Rob Marshall is no stranger to directing a Broadway stage show turned live action movie, having directed Best Picture winner, Chicago in 2003. Going back to his musical roots and taking a stab at Stephen Sondheim’s 1986 stage classic, Into The Woods. For anyone not familiar with the show it has a very simple story: Many different fairy tale characters inhabit the same world and each gets lost in the woods searching for his or her own personal want or need. All the being orchestrated by an evil witch with her own plan. Thus all the stories come to head together though beautiful direction, amazing acting and wonderful singing which gave way to a very enjoyable movie.
Set in an alternate world of the various Grimm Fairy Tales: Little Red Riding Hood, Jack and the Beanstalk, Rapunzel and Cinderella as well as established others from many tales from our youth. A baker and his wife learn the witch next door has cursed them to lead a childless life. So to reverse the curse they must embark on an adventure into the woods seeking certain objects required to break the spell on their house. What begins, as a lively irreverent fantasy musical eventually becomes a meaningful tale about responsibility, the problems and consequences that come from wishes, and the legacy that we leave our children.
This is a massive ensemble cast of some of he best actors working today. Lead by two-time Academy Awarding Meryl Streep as the Witch. Emily Blunt and James Corden play the Baker and his wife, Anna Kendrink and Chris Pine as Cinderella and Prince Charmming. Rounding out he cast is Christine Baranski as the evil stepmother, Tracey Ullman as Jack’s mother and an odd cameo by Johnny Depp as The Wolf.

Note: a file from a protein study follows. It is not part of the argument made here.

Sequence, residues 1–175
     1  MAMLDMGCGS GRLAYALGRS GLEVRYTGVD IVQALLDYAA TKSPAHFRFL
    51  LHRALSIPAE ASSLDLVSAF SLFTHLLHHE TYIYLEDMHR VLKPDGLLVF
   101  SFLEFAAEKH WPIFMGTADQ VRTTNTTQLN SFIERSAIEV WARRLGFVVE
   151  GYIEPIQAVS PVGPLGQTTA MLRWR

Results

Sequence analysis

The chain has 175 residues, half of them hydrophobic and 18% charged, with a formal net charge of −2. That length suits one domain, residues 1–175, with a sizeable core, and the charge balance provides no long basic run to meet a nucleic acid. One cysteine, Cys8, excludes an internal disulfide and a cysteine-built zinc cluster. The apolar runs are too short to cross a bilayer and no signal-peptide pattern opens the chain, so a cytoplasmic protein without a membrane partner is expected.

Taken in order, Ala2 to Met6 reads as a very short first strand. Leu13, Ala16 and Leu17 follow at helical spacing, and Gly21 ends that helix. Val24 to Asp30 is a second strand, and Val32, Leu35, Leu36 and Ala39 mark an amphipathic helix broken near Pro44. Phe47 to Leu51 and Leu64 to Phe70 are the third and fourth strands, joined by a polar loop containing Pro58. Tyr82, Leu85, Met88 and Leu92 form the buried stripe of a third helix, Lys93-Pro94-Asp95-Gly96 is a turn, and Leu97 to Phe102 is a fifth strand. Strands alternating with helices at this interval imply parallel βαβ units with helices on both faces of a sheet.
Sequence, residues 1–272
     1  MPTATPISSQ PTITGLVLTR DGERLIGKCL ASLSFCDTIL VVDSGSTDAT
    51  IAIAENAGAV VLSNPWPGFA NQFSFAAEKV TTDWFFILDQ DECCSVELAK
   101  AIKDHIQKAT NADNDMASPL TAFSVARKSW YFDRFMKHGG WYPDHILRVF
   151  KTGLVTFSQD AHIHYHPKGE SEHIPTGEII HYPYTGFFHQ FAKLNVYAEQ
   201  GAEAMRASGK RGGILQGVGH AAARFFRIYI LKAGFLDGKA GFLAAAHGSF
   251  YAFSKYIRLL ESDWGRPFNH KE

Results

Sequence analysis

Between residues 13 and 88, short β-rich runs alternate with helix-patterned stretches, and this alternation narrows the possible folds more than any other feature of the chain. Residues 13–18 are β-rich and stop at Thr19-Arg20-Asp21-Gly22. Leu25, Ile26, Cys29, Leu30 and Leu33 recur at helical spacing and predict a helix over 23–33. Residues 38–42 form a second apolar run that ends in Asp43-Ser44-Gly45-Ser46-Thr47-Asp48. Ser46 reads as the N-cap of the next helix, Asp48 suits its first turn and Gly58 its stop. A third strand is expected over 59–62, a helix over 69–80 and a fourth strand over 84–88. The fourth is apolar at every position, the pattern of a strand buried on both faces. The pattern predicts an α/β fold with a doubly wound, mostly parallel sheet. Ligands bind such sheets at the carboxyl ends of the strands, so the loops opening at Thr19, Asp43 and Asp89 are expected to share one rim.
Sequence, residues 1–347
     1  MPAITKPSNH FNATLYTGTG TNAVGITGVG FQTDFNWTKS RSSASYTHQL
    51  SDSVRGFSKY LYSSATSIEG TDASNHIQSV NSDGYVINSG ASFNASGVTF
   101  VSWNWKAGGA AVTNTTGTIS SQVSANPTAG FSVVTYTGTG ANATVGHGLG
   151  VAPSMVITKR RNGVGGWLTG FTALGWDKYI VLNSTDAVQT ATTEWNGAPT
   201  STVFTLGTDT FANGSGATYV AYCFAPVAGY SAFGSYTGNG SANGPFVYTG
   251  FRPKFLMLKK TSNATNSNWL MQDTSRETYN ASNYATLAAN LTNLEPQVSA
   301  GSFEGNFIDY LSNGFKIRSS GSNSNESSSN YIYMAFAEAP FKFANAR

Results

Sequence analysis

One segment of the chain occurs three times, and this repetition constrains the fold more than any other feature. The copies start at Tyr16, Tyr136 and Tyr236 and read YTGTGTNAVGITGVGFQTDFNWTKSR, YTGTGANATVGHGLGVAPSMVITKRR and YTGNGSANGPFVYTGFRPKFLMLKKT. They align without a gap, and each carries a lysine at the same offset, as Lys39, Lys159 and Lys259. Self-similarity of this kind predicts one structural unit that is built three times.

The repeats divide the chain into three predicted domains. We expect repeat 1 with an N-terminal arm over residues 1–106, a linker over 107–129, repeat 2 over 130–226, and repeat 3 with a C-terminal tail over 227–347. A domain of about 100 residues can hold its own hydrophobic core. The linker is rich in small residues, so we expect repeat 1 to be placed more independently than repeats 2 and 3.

First off this was an entertaining flick, mostly due to the direction of Rob Marshall. He has the unique ability to make a stage show movie look like a movie but still keeping that Broadway feel and look. Major props to the production team for making some of the most amazing and beautiful sets. Each is alive with color no matter how dark or warm the set is. The woodland set looks so real you expect small animals to live there and come out at any moment. And when the movie moves outside into the real world the movie fits perfectly into those settings seamlessly. Production wise this a flawless movie with very little to complain about.
Now fans of the 1986 show may have some issues, Disney, which produced and distributed the film, did make some changes to the script to fit into more a “Disney” style and for time. Certain characters in the show may die or have an “unhappy” ending. Here in the movie the filmmakers just make simple changes to allow storylines a different path. It doesn’t hurt the movie in anyway, but hardcore fans will complain, because that’s what they do. That can’t be helped. So if you are a hardcore fan of the show, make peace with that it isn’t the stage show before you see it.
There are certain characters choices by either the actors or by the director that don’t work, Depp’s wolf for example. Or the surprise of Chris Pine’s singing. Well start with the elephant in the room, which is Johnny Depp. He is in a different movie all together. His look and general vibe he gives off doesn’t work here. He dressed like some absurd Tex Avery wolf cartoon character from the 1930s: Zoot, suit, big hat, belt chain to the ground, etc. He not only looks stupid, but the outfit doesn’t even go with the look of the rest of the flick. We get why he dressed the way he is, you understand what he trying to do, but man, does it look foolish and you just feel sorry for him on his “talk-singing” ability. He is the worst portrayal in the movie for sure.